the Core is to support activities to assist new clinical investigators in 
progressing to more senior status by enhancing their research skills. This support 
is in addition to the usual cap on the SCCOR mechanism that is updated annually. A 
Clinical Research Skills Development Core is not required, however, and its absence 
will not disadvantage an applicant. The quality of the Clinical Research Skills 
Development Core, if proposed, will be evaluated based on the specific components 
listed below. The priority score on the Core will have no effect on the overall 
score of an application. 

Developmental opportunities that provide experience with new technologies and 
skills are encouraged for inclusion in the Core. Innovative strategies should be 
proposed for cross-disciplinary career development to achieve the goal of exposing 
new clinical investigators to additional research techniques and opportunities. 
Examples include a program of seminars focusing on scientific topics that include 
an integration of basic and clinical studies or an "exchange" program, wherein 
clinical investigators spend time in basic science laboratories. In addition to 
developing the research skills of new clinical investigators, the Cores must ensure 
that the participating new clinical investigators receive the mentoring they need 
to foster their research careers. The Clinical Research Skills Development Core is 
intended for staff investigators with limited clinical research experience, 
including fellows and junior faculty members. Investigators who have had a previous 
K series award are not eligible to participate as new investigators under this 
program.  Individuals with an active K grant can participate until the end of the 
award period for the K grant, but may not receive salary on the Skills Development 
Core. The Core should also address other skills necessary for a successful research 
career, such as grant writing, ethical conduct of research, and clinical trial 
design. Additional information about the Clinical Research Skills Development Core 
can be found at http://www.nhlbi.nih.gov/funding/policies/sccor_skill.htm

If a Clinical Research Skills Development Core is proposed, it must be directed by 
an investigator with strong educational and mentoring credentials who will devote a 
minimum of 5 percent effort as its Leader. To facilitate mentoring and 
multidisciplinary developmental activities, active involvement by the principal 
investigator and other senior investigators within the SCCOR is strongly 
encouraged. An application for a Clinical Research Skills Development Core will be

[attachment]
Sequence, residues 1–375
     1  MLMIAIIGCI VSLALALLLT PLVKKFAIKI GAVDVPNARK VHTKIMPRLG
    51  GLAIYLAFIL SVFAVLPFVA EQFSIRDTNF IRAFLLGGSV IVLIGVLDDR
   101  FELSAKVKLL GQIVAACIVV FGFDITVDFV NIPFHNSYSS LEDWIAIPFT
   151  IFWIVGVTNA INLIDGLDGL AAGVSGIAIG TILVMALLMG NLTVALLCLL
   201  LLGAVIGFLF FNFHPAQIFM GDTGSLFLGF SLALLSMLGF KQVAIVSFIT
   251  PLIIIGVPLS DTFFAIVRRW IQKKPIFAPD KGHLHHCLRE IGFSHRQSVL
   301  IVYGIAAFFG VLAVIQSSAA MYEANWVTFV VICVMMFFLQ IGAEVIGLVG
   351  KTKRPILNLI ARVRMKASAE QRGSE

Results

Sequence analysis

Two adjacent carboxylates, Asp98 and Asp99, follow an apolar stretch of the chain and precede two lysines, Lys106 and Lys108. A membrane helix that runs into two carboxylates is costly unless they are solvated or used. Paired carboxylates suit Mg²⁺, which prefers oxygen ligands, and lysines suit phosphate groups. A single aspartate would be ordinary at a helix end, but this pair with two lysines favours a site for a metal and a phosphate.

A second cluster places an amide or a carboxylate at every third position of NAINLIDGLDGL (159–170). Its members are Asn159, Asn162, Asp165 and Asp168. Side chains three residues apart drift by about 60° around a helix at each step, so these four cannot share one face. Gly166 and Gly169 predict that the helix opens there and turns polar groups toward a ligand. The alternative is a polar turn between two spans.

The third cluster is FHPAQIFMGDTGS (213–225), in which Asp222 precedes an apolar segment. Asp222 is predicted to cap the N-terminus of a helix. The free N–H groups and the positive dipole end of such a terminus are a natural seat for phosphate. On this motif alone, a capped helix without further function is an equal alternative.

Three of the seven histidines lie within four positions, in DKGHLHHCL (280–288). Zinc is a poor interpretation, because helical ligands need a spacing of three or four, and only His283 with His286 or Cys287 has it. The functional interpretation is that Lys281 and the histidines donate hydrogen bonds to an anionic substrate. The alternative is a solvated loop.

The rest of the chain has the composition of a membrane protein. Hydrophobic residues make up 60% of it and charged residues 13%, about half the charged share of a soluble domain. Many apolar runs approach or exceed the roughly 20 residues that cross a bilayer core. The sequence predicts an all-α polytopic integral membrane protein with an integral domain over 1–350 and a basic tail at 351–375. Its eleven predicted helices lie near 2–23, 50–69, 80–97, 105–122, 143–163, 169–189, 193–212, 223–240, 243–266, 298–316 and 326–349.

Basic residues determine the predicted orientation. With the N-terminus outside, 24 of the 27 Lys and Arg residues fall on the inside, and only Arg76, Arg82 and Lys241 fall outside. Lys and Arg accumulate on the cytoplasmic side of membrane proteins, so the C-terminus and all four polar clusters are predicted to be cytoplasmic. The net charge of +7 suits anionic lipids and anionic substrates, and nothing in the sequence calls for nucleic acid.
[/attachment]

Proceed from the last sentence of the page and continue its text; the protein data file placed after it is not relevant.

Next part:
evaluated in terms of its potential effectiveness in developing the skills and 
research capabilities of new clinical investigators as reflected in the following 
required elements of the application: 

o   A summary of the types of skills that would be developed and a description of 
proposed project-specific activities. 

o   A detailed discussion of how mentoring and the professional development of the 
new clinical investigators will be achieved, including their progression to more 
independent status.  

o   The credentials and track records of the Clinical Research Skills Development 
Core Leader, the Principal Investigator, and other participating senior staff in 
developing new investigators.  

o   A plan for coordinating the activities of participating senior investigators.  

o   A plan for monitoring the progress of the new clinical investigators.  

o   A description of existing opportunities within the applicant's institution for 
supporting investigator development and steps taken to avoid overlap with or 
duplication of these efforts. 

o   A detailed development plan for each proposed new investigator (or a 
representative plan and proposals for tailoring it to needs of multiple new 
investigators) including required course work and scientific enrichment activities 
such as special lectures, visiting scientist symposia, seminars, and workshops.  

Costs allowable for inclusion within the $100,000 direct costs per year limit for 
the Clinical Research Skills Development Core include salary support for the Core 
Leader and other participating senior investigators and staff, travel costs for new 
investigators, supplies and equipment to be used in support of developmental 
activities, and costs for courses, seminars, workshops, and other activities 
directly related to the development plan. All costs requested in this Core must be 
justified with respect to developmental activities and may not be used to 
supplement the costs of research proposed in the rest of the SCCOR.

Since the Core is intended to serve new clinical investigators who occupy positions 
and receive salary support from the SCCOR grant, salary support for the new 
investigators is neither needed nor allowable as a Core cost. All new clinical 
investigators supported by the SCCOR grant should be eligible to participate in 
Core-sponsored activities so long as they have not attained independent status. 
However, attaining independent status should be an objective of the Core 
activities. So, participating new investigators should be encouraged to apply for 
either a Career Development Award, a patient-oriented regular research grant, or 
any other source of independent research or career development support. Although 
the participating new investigators will be expected to devote essentially full-
time effort to research during this period, they may devote an appropriate 
percentage of their time to maintaining clinical skills.

An application for a Clinical Research Skills Development Core will be evaluated in 
terms of its potential effectiveness in developing the skills and research